The second entry in a retired couple’s seagoing travel memoir trilogy.
The inaugural volume of Hofmann’s (The Long Way Back, 2017, etc.) remembrance of an around-the-world catamaran trip chronicled their travels from Canet, France, to San Diego, and this sequel follows them from there, through the South Pacific to Bundaberg, Australia, in 2002. Along the way, the author documents stops in such exotic locales as the Marquesan Islands, French Polynesian islands such as Tahiti and Bora Bora, and New Zealand. This time, the trip is haunted by the dark specter of the 9/11 terrorist attacks. Still reeling from their expulsion from the biotech company they founded and frustrated by its subsequent floundering, the Hofmanns were in search of an opportunity for self-reflection and renewal. The author memorably describes their brushes with danger; while sailing though Tongan waters, for example, they heard a radio distress call seeking donations of A-positive blood after a shark attack. They also portray the quotidian quirks of long-distance travel, as well as their simple exhaustion. The book is once again vividly illustrated with full-page, color photographs, and crammed with diverting historical asides; for example, there’s a brief account of the Tahitian origin of the word “tattoo.” Also, this installment includes lessons that Gunter learned about sailing that could prove useful to readers who might be planning a boat trip of their own. Most readers won’t find all of the author’s account to be gripping, and at a certain point, it starts to feel like watching a stranger’s unedited vacation video. Hofmann’s writing, while lucid and sometimes poetic, can also be cliché-ridden. After describing some intramural drama among the staff at a Fijian resort, for instance, she adds, “The plot thickens.” Still, this is an informative travelogue overall, and a gorgeous coffee-table book.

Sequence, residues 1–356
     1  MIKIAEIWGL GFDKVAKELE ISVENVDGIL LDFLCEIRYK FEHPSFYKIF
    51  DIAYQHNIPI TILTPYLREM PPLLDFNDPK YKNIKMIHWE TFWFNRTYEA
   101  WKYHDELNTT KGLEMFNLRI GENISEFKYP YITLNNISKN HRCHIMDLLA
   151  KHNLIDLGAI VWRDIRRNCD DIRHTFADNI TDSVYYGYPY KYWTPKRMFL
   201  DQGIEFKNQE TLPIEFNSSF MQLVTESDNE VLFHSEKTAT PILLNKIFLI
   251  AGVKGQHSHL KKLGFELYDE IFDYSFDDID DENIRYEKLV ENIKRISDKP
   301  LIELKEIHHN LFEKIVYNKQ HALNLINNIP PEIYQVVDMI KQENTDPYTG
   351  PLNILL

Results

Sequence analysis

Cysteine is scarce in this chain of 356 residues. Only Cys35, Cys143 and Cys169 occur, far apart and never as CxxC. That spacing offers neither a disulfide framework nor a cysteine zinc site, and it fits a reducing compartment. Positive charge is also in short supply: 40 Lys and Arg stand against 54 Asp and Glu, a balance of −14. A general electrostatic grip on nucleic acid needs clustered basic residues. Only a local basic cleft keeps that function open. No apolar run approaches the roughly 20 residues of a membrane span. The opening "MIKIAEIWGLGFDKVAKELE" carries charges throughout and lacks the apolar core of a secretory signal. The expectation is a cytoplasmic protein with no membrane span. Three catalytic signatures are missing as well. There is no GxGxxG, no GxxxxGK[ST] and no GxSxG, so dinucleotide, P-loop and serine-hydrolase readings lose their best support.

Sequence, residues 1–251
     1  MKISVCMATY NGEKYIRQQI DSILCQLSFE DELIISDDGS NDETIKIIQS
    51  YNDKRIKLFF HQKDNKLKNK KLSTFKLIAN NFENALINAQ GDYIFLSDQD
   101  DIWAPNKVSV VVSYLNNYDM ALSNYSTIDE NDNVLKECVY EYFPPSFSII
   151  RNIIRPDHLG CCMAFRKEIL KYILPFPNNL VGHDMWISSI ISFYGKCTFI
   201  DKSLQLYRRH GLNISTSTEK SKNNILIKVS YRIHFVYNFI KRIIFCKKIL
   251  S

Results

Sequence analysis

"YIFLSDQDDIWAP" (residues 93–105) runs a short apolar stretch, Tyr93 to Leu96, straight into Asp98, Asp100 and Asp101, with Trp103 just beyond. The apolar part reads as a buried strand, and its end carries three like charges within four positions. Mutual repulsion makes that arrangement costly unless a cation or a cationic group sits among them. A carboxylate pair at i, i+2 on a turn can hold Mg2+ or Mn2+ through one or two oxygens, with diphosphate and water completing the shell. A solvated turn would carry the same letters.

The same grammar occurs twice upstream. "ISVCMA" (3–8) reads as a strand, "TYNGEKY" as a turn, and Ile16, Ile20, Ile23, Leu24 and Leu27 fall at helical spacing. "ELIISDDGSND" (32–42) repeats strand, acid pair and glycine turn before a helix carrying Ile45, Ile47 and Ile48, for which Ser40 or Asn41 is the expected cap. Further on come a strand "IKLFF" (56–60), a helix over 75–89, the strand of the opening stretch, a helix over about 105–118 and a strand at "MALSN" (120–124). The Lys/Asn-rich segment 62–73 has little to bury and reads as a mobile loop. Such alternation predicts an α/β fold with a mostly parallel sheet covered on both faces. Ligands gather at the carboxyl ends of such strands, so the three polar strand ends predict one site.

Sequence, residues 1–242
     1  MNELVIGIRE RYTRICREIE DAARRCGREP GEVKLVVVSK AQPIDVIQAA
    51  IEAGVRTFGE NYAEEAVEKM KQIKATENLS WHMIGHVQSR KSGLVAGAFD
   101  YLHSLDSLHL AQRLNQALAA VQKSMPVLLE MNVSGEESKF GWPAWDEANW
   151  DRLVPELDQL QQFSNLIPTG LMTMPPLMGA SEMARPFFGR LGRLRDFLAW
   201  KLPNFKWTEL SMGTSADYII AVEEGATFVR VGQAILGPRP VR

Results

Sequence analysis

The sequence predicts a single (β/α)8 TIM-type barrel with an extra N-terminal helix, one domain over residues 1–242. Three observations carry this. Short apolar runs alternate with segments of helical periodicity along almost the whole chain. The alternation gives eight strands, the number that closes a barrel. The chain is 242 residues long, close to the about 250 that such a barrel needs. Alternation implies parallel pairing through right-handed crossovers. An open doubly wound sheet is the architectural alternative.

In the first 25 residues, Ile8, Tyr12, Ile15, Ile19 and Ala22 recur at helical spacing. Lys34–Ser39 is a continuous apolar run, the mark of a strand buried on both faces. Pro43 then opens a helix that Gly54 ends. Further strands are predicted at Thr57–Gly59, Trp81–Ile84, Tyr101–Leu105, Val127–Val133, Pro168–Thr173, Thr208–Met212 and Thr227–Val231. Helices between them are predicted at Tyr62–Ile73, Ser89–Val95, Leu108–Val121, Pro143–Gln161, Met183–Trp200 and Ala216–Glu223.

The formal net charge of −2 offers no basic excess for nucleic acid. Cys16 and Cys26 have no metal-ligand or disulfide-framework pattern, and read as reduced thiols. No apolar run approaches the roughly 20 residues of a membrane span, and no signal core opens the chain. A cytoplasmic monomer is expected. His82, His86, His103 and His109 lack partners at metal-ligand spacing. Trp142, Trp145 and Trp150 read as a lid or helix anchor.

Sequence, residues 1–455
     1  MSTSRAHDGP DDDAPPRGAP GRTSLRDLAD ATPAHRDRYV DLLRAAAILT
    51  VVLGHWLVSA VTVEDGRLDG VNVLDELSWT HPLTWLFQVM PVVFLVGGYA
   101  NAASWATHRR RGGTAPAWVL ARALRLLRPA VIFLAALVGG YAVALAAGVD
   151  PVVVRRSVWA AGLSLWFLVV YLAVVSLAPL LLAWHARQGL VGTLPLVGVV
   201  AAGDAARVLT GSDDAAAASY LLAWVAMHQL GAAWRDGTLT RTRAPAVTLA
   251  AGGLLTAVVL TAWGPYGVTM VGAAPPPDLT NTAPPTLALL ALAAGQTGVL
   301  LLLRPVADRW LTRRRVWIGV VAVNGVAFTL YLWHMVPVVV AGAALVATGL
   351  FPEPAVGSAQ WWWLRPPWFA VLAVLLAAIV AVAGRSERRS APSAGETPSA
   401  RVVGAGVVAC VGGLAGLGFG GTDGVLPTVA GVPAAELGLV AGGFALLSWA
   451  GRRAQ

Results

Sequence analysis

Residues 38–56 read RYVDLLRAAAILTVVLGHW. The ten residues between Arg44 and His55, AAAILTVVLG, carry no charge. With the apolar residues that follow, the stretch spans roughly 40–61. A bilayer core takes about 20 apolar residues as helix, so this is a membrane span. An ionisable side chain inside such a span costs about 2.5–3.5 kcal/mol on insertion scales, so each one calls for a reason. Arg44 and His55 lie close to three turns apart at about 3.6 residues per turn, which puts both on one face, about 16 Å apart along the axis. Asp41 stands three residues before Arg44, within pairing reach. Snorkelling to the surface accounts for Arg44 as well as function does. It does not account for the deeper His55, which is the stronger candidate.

A handsome memoir that should interest would-be sailors, as well as the author’s loved ones.